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Pet Emergency Procedure
Wednesday, 24 June, 2015
If the first thing you think of when your pet is in trouble is calling 911, then this post is for you.
Any emergency situation is going to be stressful, but if you live in a city (and watch enough TV) then you kinda know what to do when things go wrong with non-fury friends and family. There are procedures. But if your pooch or tabby has an accident, it's completely up to you to play the role of Dr Cool-Calm-Collected, until you can get them to the vet. (So... no pressure.)
The unthinkable has happened and your pet's in trouble (more about "trouble" below). The first thing to know is that the adrenalin pumping through your body needs to be controlled. You don't want to "fight" or "flight", so take deep breaths - try to be aware of breathing rhythmically; this will also help your pet remain as calm and relaxed as possible. Best not to cry or shout out; this will only add to your furry beloved's stress levels.
No matter how much you want to hug and comfort Felix or Fido there's a chance they're so hurt and terrified you could be in danger of being bitten or scratched. Keep your face away from paws, claws and mouth. Assess the situation (using your calm breathing!) and try to be as gentle and methodical as possible. Once you've sussed out the situation, call your emergency vet number (the one that's on your speed-dial, right?) so they can be prepped for you when you arrive at the clinic.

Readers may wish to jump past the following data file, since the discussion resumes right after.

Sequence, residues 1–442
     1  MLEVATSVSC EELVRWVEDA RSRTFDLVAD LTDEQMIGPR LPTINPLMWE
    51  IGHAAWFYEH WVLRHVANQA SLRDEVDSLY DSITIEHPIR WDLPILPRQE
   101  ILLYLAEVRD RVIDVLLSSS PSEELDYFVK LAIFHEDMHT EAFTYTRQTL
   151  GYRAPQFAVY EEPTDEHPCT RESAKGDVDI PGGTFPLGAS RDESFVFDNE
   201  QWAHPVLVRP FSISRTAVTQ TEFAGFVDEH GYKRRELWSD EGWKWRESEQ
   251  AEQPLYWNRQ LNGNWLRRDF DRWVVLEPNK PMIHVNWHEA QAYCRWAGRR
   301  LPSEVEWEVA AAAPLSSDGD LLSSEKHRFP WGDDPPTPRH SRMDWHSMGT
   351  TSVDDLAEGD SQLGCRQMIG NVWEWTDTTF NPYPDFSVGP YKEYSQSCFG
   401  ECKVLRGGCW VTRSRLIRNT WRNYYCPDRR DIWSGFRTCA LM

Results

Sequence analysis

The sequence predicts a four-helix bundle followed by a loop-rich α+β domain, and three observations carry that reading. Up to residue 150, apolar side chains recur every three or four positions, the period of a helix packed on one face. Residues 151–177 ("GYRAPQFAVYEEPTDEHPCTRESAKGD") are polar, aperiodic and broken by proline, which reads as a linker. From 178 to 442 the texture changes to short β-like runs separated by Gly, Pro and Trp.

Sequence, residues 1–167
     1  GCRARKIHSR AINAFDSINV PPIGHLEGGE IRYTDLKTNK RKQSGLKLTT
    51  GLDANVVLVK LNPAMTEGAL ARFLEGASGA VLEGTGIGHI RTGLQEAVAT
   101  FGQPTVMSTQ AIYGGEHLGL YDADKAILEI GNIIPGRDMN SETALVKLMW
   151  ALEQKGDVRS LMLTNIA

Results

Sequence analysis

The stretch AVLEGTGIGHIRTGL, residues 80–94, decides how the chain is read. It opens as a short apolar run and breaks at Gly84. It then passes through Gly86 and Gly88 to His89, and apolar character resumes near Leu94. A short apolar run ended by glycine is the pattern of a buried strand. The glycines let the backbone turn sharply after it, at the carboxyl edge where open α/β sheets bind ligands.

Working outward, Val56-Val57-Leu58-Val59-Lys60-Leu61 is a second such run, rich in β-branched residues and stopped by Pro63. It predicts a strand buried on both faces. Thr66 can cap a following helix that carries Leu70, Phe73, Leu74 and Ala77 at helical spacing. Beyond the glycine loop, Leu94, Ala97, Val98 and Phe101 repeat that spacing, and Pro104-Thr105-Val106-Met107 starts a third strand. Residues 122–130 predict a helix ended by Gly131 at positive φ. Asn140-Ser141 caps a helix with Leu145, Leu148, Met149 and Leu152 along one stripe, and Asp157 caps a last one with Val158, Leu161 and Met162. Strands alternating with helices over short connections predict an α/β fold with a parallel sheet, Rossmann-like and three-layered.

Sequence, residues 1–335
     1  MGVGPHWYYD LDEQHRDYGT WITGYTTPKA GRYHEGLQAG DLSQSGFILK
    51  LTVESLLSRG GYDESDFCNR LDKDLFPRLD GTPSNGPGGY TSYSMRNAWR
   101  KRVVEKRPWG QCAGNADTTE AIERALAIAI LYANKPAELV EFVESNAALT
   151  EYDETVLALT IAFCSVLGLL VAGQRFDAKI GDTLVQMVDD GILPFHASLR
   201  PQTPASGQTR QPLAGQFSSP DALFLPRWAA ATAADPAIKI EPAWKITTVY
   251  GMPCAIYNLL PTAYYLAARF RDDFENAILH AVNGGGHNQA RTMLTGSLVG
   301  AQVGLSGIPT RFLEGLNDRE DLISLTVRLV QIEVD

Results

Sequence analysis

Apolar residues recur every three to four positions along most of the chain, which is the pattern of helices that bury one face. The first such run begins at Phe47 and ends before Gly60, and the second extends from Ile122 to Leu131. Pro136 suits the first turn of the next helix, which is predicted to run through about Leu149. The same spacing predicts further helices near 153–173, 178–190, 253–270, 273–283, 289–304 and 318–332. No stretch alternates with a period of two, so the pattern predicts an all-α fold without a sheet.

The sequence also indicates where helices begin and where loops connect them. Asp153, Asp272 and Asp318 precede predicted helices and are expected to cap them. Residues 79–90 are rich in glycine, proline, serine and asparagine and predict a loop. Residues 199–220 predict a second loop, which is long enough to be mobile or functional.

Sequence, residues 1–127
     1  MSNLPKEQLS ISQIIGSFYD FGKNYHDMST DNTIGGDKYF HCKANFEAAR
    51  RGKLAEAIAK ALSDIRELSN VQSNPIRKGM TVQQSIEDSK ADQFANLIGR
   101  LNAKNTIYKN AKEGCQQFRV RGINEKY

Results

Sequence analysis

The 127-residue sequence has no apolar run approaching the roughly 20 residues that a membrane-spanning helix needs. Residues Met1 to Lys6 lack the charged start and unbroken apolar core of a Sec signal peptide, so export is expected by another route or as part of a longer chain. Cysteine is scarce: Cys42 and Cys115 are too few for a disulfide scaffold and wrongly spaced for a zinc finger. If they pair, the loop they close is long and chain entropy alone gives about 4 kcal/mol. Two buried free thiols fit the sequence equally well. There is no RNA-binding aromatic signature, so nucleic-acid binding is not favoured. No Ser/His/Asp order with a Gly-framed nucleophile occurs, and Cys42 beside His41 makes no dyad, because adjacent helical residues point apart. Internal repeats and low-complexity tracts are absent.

Assess the Damage
The most common types of pet emergency are:
Poisoning: (You'll find some of the causes and symptoms here.) Don't try to give your pet any kind of antidote to the poison or make them vomit until you've spoken to your vet. If possible, establish what you think has poisoned them and tell your vet over the phone. (Ditto for an allergic reaction.) They may recommend inducing vomiting or ask you to get-there-quick, depending on what and how much has been ingested.
Heatstroke: (Especially here in the UAE.) When the mercury rises, so do the chances of Fido overheating. He doesn't have an efficient self-cooling sweat-system like ours. Heatstroke is a situation that needs to be dealt with quickly: move your dog to a cooler spot, wetting him with room temperature water or draping him in a damp towel. The most common initial symptoms of heatstroke are excessive panting and a bright red tongue - but if you are at all uncertain of what the problem is, don't hesitate to call the vet for advice ASAP; overheating can cause tricky complications very quickly, and in the worst cases can lead to death surprisingly quickly.
Bloat: (Otherwise known as gastric dilatation-volvulus or GDV). Not something everyone knows about, although you really should. It has different causes, but basically happens when the stomach fills up with air and puts pressure on the other organs, often resulting in the stomach actually rolling or twisting over on itself, which causes the intestines to twist and become constricted, which blocks the flow of blood through those vital organs. It's under "emergency" because if it's not treated within a few hours it can be fatal. Bloat is more likely to occur in large breeds with deep, narrow chests, so keep an eye on your Great Dane, German Shepherd, Boxer, etc.